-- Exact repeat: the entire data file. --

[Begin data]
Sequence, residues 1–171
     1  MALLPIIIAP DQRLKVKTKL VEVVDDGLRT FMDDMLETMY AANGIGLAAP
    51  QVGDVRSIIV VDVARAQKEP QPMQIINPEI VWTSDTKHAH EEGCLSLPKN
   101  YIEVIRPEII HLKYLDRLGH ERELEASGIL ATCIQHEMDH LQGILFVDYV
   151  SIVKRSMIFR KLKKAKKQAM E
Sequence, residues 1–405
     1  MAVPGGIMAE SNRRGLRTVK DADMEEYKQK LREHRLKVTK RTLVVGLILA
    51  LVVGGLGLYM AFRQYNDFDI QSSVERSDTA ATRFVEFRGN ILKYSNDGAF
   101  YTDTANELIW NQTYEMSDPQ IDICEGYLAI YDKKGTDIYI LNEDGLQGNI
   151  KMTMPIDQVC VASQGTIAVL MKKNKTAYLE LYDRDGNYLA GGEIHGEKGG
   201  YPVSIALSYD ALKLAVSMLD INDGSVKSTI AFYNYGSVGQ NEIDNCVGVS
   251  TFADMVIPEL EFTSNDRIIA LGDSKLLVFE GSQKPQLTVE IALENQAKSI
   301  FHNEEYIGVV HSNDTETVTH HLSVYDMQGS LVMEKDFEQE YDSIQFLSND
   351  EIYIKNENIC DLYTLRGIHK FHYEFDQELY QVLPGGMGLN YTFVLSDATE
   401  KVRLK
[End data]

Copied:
Sequence, residues 1–171
     1  MALLPIIIAP DQRLKVKTKL VEVVDDGLRT FMDDMLETMY AANGIGLAAP
    51  QVGDVRSIIV VDVARAQKEP QPMQIINPEI VWTSDTKHAH EEGCLSLPKN
   101  YIEVIRPEII HLKYLDRLGH ERELEASGIL ATCIQHEMDH LQGILFVDYV
   151  SIVKRSMIFR KLKKAKKQAM E
Sequence, residues 1–405
     1  MAVPGGIMAE SNRRGLRTVK DADMEEYKQK LREHRLKVTK RTLVVGLILA
    51  LVVGGLGLYM AFRQYNDFDI QSSVERSDTA ATRFVEFRGN ILKYSNDGAF
   101  YTDTANELIW NQTYEMSDPQ IDICEGYLAI YDKKGTDIYI LNEDGLQGNI
   151  KMTMPIDQVC VASQGTIAVL MKKNKTAYLE LYDRDGNYLA GGEIHGEKGG
   201  YPVSIALSYD ALKLAVSMLD INDGSVKSTI AFYNYGSVGQ NEIDNCVGVS
   251  TFADMVIPEL EFTSNDRIIA LGDSKLLVFE GSQKPQLTVE IALENQAKSI
   301  FHNEEYIGVV HSNDTETVTH HLSVYDMQGS LVMEKDFEQE YDSIQFLSND
   351  EIYIKNENIC DLYTLRGIHK FHYEFDQELY QVLPGGMGLN YTFVLSDATE
   401  KVRLK